“Mornin’, ma’am,” he said cautiously. Her dark brown hair was loose for once and framed her face. Her jeans and tee shirt looked expensive, like a fancy ad. He wondered how old she was, and tried to think at what age his mother had ever looked so timeless. Then again, Isabel Rodriguez Felz had a careworn life and her face reflected it.

“I just got a call today from Bratton’s,” Mrs. Hunt said. “They are shipping three horses to us for the show. I need to have their loose boxes made up by noon.”

She didn’t exactly ask but she didn’t order, either. Normally, Joe didn’t do stalls. This would have been Lynn’s job. She would have been briefed early that morning on the day’s chores and the farm would run smoothly under her capable hands.

Mrs. Hunt was at a loss without Lynn.

“No problem. Which ones were you thinking of?”

An almost invisible sigh of relief smoothed her features.

“The first three on the right in the main barn. They’ve already been scraped, I believe.”

He nodded again, and lay the scraper on the top step of the ladder.

“Joe,” Mrs. Hunt said again, still watching him as began to back down the ladder. He stopped and looked at her a moment, waiting. “Please put a shirt on,” she said finally and walked away. He didn’t think it was what she had intended to say. He headed for the barn, snatching up his sweaty shirt as he went and pulled it over his head, wondering what she started to tell him. Something about Lynn? They were an unlikely pair, those two. They could never be friends, that was out of the question, and yet–

Joe had spread the shavings and was rinsing out buckets outside the barn when he heard his name again.

“Excuse me, Joe Felz?” With an impatient motion he threw down the last bucket and turned around.

“What!” he snapped. Then he felt his face go hot. “Oh. I sure am sorry for my manners, ma’am.”

Waiting for him near the barn entrance, almost swallowed by the deep shadows pouring from the cavernous building, Mrs. Mossland looked at him seriously. She was a tall woman dressed in crisp suit, like she had come straight from work, but her face was haggard and her hair in tousled disarray. She seemed to have aged ten years in the days since Kate disappeared.

“I’ve come to ask you a few questions about Kate, and what she said when she left,” Mrs. Mossland said quietly. “I didn’t really pay much attention when you told us on Sunday.”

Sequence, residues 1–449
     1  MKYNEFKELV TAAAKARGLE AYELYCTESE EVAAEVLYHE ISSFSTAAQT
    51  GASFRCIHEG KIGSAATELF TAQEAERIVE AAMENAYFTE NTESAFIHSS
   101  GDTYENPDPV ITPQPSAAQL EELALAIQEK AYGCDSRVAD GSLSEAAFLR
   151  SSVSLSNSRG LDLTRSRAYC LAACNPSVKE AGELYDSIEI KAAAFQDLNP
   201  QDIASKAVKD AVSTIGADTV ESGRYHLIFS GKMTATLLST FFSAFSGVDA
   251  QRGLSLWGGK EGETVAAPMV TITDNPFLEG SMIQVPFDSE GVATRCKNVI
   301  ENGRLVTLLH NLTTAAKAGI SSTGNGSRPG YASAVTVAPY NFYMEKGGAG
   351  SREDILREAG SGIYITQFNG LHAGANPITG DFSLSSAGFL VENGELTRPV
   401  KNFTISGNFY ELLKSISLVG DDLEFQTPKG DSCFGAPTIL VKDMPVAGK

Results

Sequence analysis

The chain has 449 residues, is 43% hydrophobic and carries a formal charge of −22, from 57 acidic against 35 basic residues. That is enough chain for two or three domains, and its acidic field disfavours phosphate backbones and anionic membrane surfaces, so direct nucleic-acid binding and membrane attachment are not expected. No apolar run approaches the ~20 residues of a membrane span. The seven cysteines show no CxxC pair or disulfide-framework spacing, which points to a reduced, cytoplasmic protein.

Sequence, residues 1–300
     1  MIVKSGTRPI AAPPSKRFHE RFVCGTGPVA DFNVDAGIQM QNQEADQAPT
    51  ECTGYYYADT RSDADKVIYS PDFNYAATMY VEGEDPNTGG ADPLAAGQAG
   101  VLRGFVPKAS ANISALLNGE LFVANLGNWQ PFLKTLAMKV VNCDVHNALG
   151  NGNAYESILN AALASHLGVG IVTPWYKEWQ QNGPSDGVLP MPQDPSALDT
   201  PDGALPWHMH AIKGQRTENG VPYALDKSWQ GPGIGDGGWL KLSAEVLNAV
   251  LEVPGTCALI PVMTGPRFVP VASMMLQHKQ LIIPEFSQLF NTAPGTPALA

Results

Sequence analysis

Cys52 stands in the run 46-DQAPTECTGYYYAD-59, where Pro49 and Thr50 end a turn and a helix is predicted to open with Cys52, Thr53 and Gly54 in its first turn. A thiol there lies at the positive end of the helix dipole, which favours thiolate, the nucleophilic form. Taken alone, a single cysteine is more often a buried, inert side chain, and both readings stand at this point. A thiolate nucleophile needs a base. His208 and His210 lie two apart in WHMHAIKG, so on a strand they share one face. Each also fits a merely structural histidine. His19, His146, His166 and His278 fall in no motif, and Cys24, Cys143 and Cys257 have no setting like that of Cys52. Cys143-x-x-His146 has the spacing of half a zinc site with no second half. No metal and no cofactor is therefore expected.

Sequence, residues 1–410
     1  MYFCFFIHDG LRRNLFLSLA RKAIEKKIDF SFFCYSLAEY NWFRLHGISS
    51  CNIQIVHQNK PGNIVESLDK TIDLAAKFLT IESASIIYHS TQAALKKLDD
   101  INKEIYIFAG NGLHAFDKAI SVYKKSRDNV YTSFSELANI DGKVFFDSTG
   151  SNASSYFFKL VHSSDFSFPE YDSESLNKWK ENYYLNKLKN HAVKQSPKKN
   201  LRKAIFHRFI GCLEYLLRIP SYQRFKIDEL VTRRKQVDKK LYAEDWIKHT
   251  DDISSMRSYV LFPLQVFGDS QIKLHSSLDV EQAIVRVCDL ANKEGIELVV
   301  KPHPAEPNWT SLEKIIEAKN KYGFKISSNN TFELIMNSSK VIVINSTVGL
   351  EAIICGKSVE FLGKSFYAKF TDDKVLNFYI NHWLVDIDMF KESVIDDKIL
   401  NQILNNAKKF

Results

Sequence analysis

He nodded and came toward her, wiping his hands on his jeans.

“She didn’t say much,” he said apologetically. “She said she was going to backtrack the route Lynn had to take to get from the show grounds to here.”

“What did you say to her?”

“I told her I didn’t think she ought to go. Kate said that if she saw anything, she would come straight back. She promised.”

Mrs. Mossland nodded, twisting her fingers around the strap of her purse.

“Do you remember anything else? Anything at all? I know you’ve spoken to the police about it, but maybe there’s something you didn’t tell them, something that if you told me, we might be able to figure out what happened.”

She was hoping for some miracle, some clue he could give her that would unravel the whole mystery. There was nothing he could tell her, even though the thought of Mark Ballard was still hanging heavy on his mind. That thread only tied in his imagination so far. He shook his head.

“I sure don’t. Just that she had a little saddlebag with her, like the hunt club folks bring their supper in, so I reckon she meant to make a day of it.” His voice trailed off. He was just making it worse. “Ma’am, I sure am sorry I let her go like that. I think about it all the time.”

She nodded, holding back tears.

“The police say the good news is we haven’t found her – her yet.” Mrs. Mossland turned to look with great interest at the indoor ring, swallowing over and over. “Thank you. I’m sorry to have bothered you.” She turned to go and Joe got up and followed her to her car, opening the door for her. She slid in gracefully. Before he shut the door, he bent low and said,

“They haven’t found Lynn either. If Kate’s with Lynn, she’s in good hands.”

Kate’s mother smiled wanly and started the engine of her expensive car. The engine purred and she didn’t even have to raise her voice over it.

“The Lynn we knew, perhaps. But the Lynn who stole that horse?”

She pulled the car door from his hands and slammed it shut. Joe stepped back as she shifted into reverse and backed out, kicking up dust and pebbles on the white grave drive. He watched the twin plumes of dust for a long time until they mingled into a general haze, then walked back to the barn, feeling empty.